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WikiLeaks Publishes 400,000 More Secret Pentagon Documents
by Phil Stewart via reed - Reuters Friday, Oct 22 2010, 9:18pm
international / mass media / other press

What's in WikiLeaks' Iraq war logs!

Whistle-blowing website WikiLeaks on Friday released nearly 400,000 classified U.S. military files chronicling the Iraq war from 2004 through 2009, the largest leak of its kind in U.S. military history.

iraqwarlogs.jpg

The documents themselves are known at the Pentagon as 'SIGACTs,' raw field reports chronicling "Significant Action" in the conflict as seen by U.S. forces on the ground in Iraq.

According to an initial review of the documents and reports by other media that have had access to them for at least 10 weeks, the broad themes from the "Iraq war log" attracting the most attention are:

PRISONER ABUSE

* U.S. authorities face accusations of failing to investigate hundreds of reports of abuse of Iraqi prisoners by Iraqi police and soldiers, including cases of rape and even murder that are detailed in the logs. WikiLeaks says there are also cases of abuse of prisoners in U.S. custody, but media given advance access say those cases pale in comparison.

CIVILIAN DEATHS

* WikiLeaks said the reports detailed 109,032 deaths in Iraq, composed of 66,081 'civilians,' 23,984 'enemy' (those labeled as insurgents); 15,196 'host nation' (Iraqi government forces) and 3,771 'friendly' (coalition forces). More than 15,000 civilians died in previously unknown incidents, Britain's Guardian reported.

* In February 2007, an Apache helicopter killed two Iraqis suspected of firing mortars even though they were trying to surrender. A military lawyer is quoted in one file saying, "They can not surrender to aircraft and are still valid targets." Other cases involved civilian killings at checkpoints.

IRANIAN INFLUENCE

* Military intelligence reports released by WikiLeaks detail previously well-known U.S. concerns that Iranian agents had trained, armed and directed militants in Iraq.

* In one document posted by The New York Times, the U.S. military warned that a militia commander believed to be behind the deaths of U.S. troops and the kidnapping of Iraqi government officials was trained by Iran's Islamic Revolutionary Guard Corps.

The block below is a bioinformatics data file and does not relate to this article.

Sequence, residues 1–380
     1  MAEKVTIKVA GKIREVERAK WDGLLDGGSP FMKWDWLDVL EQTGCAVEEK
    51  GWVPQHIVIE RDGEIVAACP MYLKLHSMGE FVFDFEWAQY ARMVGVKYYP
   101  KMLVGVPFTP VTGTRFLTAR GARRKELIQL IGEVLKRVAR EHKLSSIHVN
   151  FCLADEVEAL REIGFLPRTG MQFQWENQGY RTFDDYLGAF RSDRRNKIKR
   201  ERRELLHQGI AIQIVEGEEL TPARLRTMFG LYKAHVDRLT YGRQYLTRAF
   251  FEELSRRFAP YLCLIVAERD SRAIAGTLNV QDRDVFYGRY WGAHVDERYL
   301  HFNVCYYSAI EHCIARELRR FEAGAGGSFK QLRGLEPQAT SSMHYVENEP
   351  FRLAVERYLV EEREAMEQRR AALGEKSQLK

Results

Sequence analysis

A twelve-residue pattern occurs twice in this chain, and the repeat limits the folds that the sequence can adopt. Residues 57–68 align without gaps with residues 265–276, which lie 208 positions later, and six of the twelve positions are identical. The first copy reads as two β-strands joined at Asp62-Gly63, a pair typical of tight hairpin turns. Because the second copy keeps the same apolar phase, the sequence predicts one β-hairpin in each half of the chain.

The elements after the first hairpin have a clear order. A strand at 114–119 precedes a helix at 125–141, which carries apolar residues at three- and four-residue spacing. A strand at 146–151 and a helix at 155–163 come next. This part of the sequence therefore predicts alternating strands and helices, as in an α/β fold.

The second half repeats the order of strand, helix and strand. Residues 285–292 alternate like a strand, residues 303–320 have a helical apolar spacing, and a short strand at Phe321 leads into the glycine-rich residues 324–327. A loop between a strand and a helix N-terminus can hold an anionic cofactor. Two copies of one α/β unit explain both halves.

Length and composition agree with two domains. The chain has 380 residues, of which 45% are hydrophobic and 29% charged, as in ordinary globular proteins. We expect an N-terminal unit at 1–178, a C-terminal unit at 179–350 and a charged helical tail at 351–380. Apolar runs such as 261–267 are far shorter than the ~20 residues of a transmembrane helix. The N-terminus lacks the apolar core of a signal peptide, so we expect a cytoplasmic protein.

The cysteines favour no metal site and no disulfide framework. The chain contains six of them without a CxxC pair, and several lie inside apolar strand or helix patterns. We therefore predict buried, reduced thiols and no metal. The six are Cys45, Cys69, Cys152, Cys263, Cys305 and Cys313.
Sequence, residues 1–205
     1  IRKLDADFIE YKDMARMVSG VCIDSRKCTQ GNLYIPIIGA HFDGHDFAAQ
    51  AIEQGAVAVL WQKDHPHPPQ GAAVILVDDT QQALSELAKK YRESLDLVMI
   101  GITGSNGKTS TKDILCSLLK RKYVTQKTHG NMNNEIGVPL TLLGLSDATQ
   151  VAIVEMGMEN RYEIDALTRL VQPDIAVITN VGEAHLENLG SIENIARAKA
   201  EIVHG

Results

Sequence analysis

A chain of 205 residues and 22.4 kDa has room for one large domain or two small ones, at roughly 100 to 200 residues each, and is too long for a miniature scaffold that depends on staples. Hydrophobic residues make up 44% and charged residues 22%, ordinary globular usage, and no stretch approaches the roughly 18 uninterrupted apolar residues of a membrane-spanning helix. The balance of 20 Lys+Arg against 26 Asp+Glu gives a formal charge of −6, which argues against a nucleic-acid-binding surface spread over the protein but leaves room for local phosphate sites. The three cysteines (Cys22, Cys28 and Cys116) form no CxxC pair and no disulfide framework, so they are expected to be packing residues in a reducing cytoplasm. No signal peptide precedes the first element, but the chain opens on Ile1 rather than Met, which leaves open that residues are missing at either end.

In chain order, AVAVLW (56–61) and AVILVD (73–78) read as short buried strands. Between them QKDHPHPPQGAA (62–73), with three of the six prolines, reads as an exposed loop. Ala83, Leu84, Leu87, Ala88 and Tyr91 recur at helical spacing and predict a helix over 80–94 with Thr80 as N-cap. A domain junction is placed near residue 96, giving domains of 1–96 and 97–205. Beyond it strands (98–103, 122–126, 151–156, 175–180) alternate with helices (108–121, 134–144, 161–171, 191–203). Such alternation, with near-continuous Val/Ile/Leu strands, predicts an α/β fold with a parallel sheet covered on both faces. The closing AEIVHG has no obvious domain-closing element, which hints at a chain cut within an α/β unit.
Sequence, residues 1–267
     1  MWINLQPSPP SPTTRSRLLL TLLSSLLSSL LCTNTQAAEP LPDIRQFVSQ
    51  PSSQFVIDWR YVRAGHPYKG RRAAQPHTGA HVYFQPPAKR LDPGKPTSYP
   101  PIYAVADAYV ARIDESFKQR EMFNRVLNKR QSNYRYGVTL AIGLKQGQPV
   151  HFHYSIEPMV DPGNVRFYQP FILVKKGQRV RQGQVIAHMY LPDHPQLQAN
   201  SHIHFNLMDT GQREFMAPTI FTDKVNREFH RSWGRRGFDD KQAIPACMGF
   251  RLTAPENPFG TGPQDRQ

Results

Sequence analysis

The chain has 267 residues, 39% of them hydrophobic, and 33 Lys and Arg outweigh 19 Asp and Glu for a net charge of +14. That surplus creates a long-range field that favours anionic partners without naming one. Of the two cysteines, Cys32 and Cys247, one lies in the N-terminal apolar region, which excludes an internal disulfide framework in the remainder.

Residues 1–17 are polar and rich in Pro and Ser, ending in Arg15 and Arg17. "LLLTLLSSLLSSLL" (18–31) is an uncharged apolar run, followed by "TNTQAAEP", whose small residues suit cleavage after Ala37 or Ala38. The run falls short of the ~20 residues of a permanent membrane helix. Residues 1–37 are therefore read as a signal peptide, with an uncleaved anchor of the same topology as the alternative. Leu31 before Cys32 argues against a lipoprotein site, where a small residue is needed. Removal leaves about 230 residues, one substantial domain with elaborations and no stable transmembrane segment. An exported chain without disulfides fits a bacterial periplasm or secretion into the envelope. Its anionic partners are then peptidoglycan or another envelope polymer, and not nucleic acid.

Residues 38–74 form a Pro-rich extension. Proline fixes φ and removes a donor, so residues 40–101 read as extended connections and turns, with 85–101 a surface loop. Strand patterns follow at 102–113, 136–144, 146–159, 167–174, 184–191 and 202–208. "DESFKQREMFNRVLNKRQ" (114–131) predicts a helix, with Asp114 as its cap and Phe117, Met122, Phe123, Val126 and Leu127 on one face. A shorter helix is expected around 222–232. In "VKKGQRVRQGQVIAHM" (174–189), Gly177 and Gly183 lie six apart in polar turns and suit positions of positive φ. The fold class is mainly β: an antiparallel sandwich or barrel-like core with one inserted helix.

BLACKWATER

* Britain's Bureau of Investigative Journalism says it found documents detailing new cases of alleged wrongful killings of civilians involving a firm previously known as Blackwater. Blackwater, which has now changed its name to Xe Services, saw its reputation badly damaged by a 2007 incident in which its security guards were involved in a shooting that killed 14 civilians.

IRAN DETENTION OF U.S. HIKERS

* Documents in the WikiLeaks file also show that U.S. officials privately believed the three American hikers detained in Iraq last year were on the Iraqi side of the border, not in Iran as Tehran contends. Iran is still holding two of them and the document says Iranian leadership hoped to benefit from the incident by focusing the nation "on a perceived external threat rather than internal dissension."

(Editing by Eric Walsh)

2010 Thomson Reuters

What about the Lives of the Thousands of Innocents America has Murdered, bitch?




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The Real Story
by skrib Friday, Oct 22 2010, 9:41pm

The real story behind this story is the appalling FAILURE of Western Journalists to pursue Truth and Investigate every aspect of our governments/leaders' (now plain for all to see) LIES!

Mainstream 'journalism' today has become the reprehensible propaganda arm of Big Finance/Banking and Corporatism. Of course those interests aren't self-serving, biased or have anything to hide -- do they?

Keep up the very good work Mr Assange and by consequence shame every mainstream lackey that pretends to the once noble profession of journalism.

The Truth can only set you Free if it is Known!

Related:


WikiLeaks data shows U.S. failed to probe Iraqi abuse cases
by Phil Stewart via stan - Reuters Saturday, Oct 23 2010, 5:02am

WikiLeaks released nearly 400,000 classified U.S. files on the Iraq war on Friday, some detailing gruesome cases of prisoner abuse by Iraqi forces that the U.S. military knew about but did not seem to investigate.